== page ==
Matters of the Soul – The US Review of Books


Ruth Cherry, PhD

Reviewed by: Barbara Bamberger Scott, The US Review of Books

“As we grow with life experience we come to appreciate the fullness and richness of our individuality.”

Clinical psychologist Cherry creates an enthralling look at how people might live more fully by acknowledging their inner selves and the deep reality that lies within them and, indeed, subsumes them in spiritual freedom. But to find and know that reality, one must search for it. Her book provides a guide to that adventure. Everyone has what Cherry refers to as “subpersonalities” that may control a person in ways one has never imagined. These may include a Hurt or Angry Child, Victimizer, Rebel, Controller, or Warrior, to cite some of the many projected selves that Cherry depicts. In showing readers how these subpersonalities proscribe and predict their behaviors, she uses examples of real people dealing with their own search for spiritual connection—a realm in which one no longer has a need for subpersonalities.

Examples offered by Cherry to illustrate this process of letting go include the case of Danny, a strong, tough divorcee whose reaction to emotional difficulties is denial. His parents divorced and left him when he was six. He represses his hurt feelings by shutting out others, dealing with unspoken inner pain with alcohol, overeating, and television. Sarah is an intelligent preacher’s wife whose husband constantly denigrates her. She avoids her fraught inner world through busyness, revering God as the great rule maker. Yet, she wishes to develop a more all-inclusive understanding. Lynn relies on her intellect to defer painful emotions until one blind date experience gives her the courage the listen to her feelings. After each of these case histories and the psychodynamic teachings accompanying them, there is an exercise, such as taking an internal elevator down to the lower, darker floors of one’s imagining. The exercises are followed by reflections that end with the encouraging exhortation: “And then write.”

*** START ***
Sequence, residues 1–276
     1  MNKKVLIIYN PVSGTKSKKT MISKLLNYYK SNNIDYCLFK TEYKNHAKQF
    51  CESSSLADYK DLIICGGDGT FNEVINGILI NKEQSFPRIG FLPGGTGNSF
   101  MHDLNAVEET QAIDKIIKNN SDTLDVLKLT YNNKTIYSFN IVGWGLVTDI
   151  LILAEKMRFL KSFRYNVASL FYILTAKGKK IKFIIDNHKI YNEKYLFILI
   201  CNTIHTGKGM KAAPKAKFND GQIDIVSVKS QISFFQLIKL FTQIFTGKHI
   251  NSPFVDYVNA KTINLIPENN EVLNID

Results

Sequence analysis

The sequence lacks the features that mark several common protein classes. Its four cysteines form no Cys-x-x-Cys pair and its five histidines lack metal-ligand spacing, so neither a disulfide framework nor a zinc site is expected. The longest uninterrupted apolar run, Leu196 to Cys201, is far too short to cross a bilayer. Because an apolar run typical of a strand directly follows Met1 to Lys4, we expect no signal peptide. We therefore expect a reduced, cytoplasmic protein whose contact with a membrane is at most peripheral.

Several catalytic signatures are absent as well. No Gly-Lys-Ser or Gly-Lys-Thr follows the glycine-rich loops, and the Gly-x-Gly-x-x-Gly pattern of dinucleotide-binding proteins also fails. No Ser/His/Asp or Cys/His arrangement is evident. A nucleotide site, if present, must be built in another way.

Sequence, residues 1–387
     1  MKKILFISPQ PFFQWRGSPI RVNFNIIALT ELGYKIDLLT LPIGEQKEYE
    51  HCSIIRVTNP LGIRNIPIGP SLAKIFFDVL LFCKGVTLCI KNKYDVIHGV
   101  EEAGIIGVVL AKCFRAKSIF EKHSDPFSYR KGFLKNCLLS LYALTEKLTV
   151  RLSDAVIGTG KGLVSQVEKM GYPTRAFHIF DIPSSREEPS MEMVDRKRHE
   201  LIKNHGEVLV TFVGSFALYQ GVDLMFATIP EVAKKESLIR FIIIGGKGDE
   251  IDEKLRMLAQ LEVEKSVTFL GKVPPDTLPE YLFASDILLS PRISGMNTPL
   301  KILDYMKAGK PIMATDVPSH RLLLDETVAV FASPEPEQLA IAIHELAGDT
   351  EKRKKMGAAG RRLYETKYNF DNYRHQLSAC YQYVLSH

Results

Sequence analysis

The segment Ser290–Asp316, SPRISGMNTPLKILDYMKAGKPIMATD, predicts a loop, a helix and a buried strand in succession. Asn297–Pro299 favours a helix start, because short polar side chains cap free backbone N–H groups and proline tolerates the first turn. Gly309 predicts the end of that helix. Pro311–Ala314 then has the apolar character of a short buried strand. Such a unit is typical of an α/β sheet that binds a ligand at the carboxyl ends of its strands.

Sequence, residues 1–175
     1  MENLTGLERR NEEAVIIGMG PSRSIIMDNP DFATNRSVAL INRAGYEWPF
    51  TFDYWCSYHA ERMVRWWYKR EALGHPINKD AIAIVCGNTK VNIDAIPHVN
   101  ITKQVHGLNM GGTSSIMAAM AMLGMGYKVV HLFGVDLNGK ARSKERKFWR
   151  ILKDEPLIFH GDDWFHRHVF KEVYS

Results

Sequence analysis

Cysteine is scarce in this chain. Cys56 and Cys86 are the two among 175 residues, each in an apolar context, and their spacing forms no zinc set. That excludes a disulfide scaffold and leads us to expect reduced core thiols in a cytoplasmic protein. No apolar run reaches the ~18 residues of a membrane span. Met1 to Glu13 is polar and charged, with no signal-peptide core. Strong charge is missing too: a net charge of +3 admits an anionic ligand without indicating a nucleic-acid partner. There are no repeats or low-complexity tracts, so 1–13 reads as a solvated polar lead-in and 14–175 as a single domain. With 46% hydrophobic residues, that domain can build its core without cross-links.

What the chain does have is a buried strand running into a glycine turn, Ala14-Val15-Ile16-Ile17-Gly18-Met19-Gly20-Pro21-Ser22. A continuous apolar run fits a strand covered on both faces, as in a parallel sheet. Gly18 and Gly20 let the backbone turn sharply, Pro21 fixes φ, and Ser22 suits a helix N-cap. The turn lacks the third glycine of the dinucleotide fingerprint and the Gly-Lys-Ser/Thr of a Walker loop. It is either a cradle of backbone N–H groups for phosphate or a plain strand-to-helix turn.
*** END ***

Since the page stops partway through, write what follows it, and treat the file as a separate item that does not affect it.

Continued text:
Cherry is a counselor whose method involves merging the psychological with the spiritual. Her understanding of spirituality does not require a specific religious belief. Instead, it transcends the ritual and rules of many faiths by allowing those she helps to explore the spiritual concept of oneness and wholeness completely on their own. That realm, Cherry states, is “what is”—a place and a pattern of acceptance that leads to peace. The goal is a quality of unity and wholeness, no longer dictated by messages from childhood and culture. To reach that spiritual level, individuals must slough off their false selves. This allows them to embrace the freedom of the unconscious mind instead of fearing it. Her organized framework presents an element of safety to those who wish to explore her method, inviting them to journal their feelings and revelations as they go through her guidebook. As someone who recommends meditation skills in her work, she offers some simple instructions for that practice along with the many breathing techniques included in the “Exercise” portions. Clearly written to assist people like the variety of clients she has portrayed here, Cherry’s work can motivate and inspire those seeking genuine, lasting personality development and looking for first and intermediate steps toward that goal.

RECOMMENDED by the US Review